Binge the entire first and second seasons of Baroness von Sketch Show now on and the IFC app.

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G.I. Jeez

Stomach Bugs and Prom Dates

E.Coli High is in your gut and on IFC's Comedy Crib.

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Brothers-in-law Kevin Barker and Ben Miller have just made the mother of all Comedy Crib series, in the sense that their Comedy Crib series is a big deal and features a hot mom. Animated, funny, and full of horrible bacteria, the series juxtaposes timeless teen dilemmas and gut-busting GI infections to create a bite-sized narrative that’s both sketchy and captivating. The two sat down, possibly in the same house, to answer some questions for us about the series. Let’s dig in….


IFC: How would you describe E.Coli High to a fancy network executive you just met in an elevator?

BEN: Hi ummm uhh hi ok well its like umm (gets really nervous and blows it)…

KB: It’s like the Super Bowl meets the Oscars.

IFC: How would you describe E.Coli High to a drunk friend of a friend you met in a bar?

BEN: Oh wow, she’s really cute isn’t she? I’d definitely blow that too.

KB: It’s a cartoon that is happening inside your stomach RIGHT NOW, that’s why you feel like you need to throw up.

IFC: What was the genesis of E.Coli High?

KB: I had the idea for years, and when Ben (my brother-in-law, who is a special needs teacher in Philly) began drawing hilarious comics, I recruited him to design characters, animate the series, and do some writing. I’m glad I did, because Ben rules!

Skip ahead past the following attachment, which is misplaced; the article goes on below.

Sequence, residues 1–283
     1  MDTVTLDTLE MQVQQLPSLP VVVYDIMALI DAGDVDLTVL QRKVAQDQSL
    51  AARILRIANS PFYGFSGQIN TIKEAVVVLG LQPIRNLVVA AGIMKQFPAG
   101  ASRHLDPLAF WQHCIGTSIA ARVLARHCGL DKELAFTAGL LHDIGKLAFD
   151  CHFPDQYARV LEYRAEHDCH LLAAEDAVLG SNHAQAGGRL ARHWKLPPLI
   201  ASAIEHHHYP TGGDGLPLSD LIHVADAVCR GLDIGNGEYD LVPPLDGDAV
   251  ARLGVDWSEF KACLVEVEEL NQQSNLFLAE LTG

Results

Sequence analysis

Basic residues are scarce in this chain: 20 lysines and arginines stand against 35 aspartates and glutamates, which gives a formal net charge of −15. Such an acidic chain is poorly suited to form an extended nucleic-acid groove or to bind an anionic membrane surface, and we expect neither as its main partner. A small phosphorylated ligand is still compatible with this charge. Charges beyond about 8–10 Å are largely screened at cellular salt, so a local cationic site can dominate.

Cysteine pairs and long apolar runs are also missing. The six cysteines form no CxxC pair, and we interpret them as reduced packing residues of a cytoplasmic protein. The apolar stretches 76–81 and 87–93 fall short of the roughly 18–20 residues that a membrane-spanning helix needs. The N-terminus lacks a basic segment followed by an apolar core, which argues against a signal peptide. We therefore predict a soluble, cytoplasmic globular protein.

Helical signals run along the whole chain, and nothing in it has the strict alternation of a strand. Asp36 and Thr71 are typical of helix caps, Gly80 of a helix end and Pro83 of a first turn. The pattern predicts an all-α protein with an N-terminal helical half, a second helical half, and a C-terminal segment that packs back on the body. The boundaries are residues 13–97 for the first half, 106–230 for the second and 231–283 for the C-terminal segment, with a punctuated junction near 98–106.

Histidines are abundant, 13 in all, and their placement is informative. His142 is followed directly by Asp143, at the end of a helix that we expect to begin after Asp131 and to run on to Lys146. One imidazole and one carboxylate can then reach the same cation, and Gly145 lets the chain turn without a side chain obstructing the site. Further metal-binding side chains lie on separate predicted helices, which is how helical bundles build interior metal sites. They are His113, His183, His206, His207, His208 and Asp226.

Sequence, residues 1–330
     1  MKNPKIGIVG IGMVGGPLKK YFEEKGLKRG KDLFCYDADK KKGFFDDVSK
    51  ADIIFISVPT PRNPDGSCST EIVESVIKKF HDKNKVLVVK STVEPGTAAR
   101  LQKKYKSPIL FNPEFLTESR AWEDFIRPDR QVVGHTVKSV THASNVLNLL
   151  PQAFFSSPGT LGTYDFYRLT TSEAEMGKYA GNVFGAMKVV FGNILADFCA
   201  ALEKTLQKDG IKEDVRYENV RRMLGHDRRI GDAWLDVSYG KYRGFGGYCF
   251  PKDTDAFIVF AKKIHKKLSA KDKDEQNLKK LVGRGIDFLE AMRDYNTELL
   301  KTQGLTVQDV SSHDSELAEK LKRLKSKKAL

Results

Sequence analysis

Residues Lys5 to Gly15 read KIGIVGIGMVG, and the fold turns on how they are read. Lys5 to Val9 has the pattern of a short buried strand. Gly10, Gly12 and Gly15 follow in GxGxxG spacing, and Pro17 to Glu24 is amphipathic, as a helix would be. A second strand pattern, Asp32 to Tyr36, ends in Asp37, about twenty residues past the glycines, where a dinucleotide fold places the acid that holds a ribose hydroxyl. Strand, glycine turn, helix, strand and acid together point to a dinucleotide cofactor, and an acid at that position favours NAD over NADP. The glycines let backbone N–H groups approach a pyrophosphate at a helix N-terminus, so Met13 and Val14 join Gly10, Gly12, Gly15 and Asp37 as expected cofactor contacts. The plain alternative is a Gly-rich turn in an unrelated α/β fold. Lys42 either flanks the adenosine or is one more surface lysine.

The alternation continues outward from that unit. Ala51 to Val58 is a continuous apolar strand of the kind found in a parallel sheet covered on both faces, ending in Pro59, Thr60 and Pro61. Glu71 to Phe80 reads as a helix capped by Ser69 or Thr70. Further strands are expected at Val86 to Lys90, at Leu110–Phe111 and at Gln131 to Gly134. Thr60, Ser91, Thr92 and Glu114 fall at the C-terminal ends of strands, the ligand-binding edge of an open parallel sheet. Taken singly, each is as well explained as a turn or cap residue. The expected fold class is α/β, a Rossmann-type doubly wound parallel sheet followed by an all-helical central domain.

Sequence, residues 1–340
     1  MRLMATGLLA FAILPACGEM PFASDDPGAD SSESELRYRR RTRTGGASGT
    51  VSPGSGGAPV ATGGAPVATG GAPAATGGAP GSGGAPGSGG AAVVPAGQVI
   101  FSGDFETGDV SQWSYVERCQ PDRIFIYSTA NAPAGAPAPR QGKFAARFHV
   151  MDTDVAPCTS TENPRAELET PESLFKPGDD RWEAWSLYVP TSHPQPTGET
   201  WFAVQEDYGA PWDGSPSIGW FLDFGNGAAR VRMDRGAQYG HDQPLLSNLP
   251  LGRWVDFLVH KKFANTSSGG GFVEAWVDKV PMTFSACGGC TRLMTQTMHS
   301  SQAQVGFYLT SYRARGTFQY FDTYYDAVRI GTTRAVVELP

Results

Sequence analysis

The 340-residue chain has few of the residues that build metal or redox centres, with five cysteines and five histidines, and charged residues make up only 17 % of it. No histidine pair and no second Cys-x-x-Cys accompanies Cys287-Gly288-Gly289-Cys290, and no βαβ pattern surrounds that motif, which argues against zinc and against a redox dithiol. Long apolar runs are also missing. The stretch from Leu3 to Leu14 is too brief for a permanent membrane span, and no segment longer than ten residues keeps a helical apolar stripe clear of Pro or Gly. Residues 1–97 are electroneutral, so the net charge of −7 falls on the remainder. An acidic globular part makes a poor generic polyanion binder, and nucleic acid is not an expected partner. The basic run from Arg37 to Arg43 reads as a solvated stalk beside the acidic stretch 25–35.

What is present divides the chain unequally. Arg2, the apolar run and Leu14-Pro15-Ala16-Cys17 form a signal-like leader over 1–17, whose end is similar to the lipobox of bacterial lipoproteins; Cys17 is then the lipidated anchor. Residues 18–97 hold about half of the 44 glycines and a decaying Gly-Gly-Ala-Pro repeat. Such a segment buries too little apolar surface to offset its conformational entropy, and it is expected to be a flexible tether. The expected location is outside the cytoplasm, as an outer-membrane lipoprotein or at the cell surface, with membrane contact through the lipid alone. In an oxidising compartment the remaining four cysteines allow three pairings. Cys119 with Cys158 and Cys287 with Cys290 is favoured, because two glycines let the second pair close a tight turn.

BEN: Kevin told me about it in a park and I was like yeah that’s a pretty good idea, but I was just being nice. I thought it was dumb at the time.


IFC: What makes going to proms and dating moms such timeless and oddly-relatable subject matter?

BEN: Since the dawn of time everyone has had at least one friend with a hot mom. It is physically impossible to not at least make a comment about that hot mom.

KB: Who among us hasn’t dated their friend’s mom and levitated tables at a prom?

IFC: Why do you think the world is ready for this series?

BEN: There’s a lot of content now. I don’t think anyone will even notice, but it’d be cool if they did.

KB: A show about talking food poisoning bacteria is basically the same as just watching the news these days TBH.

Watch E.Coli High below and discover more NYTVF selections from years past on IFC’s Comedy Crib.